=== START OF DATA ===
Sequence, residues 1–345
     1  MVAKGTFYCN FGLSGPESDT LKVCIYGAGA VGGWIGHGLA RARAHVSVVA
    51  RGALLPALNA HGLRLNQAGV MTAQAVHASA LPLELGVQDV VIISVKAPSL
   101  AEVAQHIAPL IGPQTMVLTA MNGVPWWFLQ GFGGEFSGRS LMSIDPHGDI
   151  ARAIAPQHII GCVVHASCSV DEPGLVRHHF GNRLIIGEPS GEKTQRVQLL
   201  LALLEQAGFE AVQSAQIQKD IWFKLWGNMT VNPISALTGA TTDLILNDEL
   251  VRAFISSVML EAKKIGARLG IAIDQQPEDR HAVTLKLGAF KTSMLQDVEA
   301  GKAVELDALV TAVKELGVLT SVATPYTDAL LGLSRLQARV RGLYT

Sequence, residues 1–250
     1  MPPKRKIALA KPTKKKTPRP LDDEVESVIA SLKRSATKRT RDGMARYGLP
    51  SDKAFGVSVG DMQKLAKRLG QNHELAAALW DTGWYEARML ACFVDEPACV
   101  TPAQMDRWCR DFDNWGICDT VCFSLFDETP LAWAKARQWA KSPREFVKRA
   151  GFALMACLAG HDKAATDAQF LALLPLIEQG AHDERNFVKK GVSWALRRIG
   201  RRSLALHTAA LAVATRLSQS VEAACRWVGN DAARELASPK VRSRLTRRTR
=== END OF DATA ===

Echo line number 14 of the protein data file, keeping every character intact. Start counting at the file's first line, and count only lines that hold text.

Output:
   201  RRSLALHTAA LAVATRLSQS VEAACRWVGN DAARELASPK VRSRLTRRTR